A phishing campaign targeting Microsoft Windows users delivers three different forms of malware, all designed to steal sensitive information from victims.
Detailed by cybersecurity researchers at Fortinet, those who unintentionally run the malicious attachment sent in phishing emails fall victim to AveMariaRAT, BitRAT and PandoraHVNC trojan malware.
The campaign allows cyber criminals to steal usernames, passwords and other sensitive information, including bank details. BitRAT is particularly dangerous to victims, because it can take full control of infected Windows systems, complete with the ability to view webcam activity, listen to audio through the microphone, secretly mine for cryptocurrency that goes into a wallet owned by the attackers and download additional malicious files.
The initial phishing message is designed to look like a payment report from a trusted source, with a short request to open an attached Microsoft Excel document.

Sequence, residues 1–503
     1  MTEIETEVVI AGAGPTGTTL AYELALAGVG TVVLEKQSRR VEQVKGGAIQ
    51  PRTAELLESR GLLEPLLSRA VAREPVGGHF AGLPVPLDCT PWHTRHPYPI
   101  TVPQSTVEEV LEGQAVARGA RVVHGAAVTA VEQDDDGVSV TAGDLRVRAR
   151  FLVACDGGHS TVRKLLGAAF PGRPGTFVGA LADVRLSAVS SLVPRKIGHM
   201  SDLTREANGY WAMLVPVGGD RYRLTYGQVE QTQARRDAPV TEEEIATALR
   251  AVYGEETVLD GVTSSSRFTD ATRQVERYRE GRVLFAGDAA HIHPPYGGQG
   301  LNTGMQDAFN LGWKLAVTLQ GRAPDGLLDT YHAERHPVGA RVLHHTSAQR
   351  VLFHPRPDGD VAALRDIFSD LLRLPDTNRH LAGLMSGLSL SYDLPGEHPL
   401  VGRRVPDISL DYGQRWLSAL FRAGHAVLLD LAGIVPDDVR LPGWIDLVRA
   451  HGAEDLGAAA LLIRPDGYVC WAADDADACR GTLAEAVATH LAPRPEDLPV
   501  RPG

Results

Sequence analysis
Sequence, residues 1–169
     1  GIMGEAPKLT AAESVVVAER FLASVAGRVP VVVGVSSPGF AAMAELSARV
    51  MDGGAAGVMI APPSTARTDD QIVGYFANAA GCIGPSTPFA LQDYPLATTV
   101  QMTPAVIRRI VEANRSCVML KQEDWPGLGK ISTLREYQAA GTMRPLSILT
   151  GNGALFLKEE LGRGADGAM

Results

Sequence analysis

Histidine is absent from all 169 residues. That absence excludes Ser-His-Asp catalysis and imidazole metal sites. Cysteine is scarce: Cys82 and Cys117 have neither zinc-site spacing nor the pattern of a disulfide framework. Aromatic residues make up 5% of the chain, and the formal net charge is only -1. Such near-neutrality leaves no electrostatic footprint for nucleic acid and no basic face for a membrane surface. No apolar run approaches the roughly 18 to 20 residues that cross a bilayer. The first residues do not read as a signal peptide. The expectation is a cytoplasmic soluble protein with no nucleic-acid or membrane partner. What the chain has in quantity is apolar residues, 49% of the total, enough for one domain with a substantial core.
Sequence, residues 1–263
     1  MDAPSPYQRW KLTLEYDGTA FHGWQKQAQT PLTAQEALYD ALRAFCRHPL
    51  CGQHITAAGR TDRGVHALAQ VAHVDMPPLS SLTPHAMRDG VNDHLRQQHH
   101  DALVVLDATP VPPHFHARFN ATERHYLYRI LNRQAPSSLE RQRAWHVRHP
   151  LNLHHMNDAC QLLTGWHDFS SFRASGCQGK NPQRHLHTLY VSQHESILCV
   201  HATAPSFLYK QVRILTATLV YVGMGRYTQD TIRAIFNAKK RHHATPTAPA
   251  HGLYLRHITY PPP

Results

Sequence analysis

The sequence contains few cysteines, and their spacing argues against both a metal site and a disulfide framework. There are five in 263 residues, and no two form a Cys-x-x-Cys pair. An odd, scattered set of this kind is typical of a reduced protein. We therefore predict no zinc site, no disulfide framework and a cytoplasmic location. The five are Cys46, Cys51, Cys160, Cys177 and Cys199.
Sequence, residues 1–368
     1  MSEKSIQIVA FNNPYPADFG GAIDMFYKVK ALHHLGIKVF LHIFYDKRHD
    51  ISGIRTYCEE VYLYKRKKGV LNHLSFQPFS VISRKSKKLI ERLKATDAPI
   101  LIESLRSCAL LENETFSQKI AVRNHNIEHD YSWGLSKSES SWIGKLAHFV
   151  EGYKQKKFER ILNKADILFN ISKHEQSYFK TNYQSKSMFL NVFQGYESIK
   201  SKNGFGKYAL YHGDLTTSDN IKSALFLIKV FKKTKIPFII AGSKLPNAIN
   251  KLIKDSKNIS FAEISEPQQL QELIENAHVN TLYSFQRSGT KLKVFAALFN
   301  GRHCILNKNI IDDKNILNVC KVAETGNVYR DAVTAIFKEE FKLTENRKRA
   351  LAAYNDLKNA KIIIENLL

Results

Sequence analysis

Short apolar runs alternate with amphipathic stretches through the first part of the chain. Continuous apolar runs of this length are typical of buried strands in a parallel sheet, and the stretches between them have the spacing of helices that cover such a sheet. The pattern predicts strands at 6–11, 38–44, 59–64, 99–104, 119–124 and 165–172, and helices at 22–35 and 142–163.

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This file contains malicious macros and researchers note that, when the document is opened, Microsoft Excel flags potential security concerns about the use of macros. If the user ignores this message and opens the file, it starts the process of delivering malware.
Using Visual Basic Application (VBA) scripts and PowerShell, the malware is retrieved for installation onto the victim's machine. The PowerShell code is split into three parts for the three different forms of malware, which can each be installed.
The research does not detail why the phishing email delivers three malware payloads, but it's likely that with three different forms of malware to deploy, there's a greater chance of the cyber criminals being able to gain access to whatever sensitive information they're looking to steal.
Phishing remains one of the most common methods cyber criminals use to deliver malware because, put simply, it's effective – but there are things that can be done to avoid falling victim.
Users should be wary of unexpected emails claiming to contain important information hidden in attachments – particularly if that attachment requires you to enable macros first. If possible, for example, if the email claims to come from a college or business associate, you could contact them using a different method than email to check if it's really them who sent the email.
Businesses can also help employees avoid falling victim to phishing emails by using appropriate anti-spam and anti-virus software, as well a training users on how to spot and report phishing emails.
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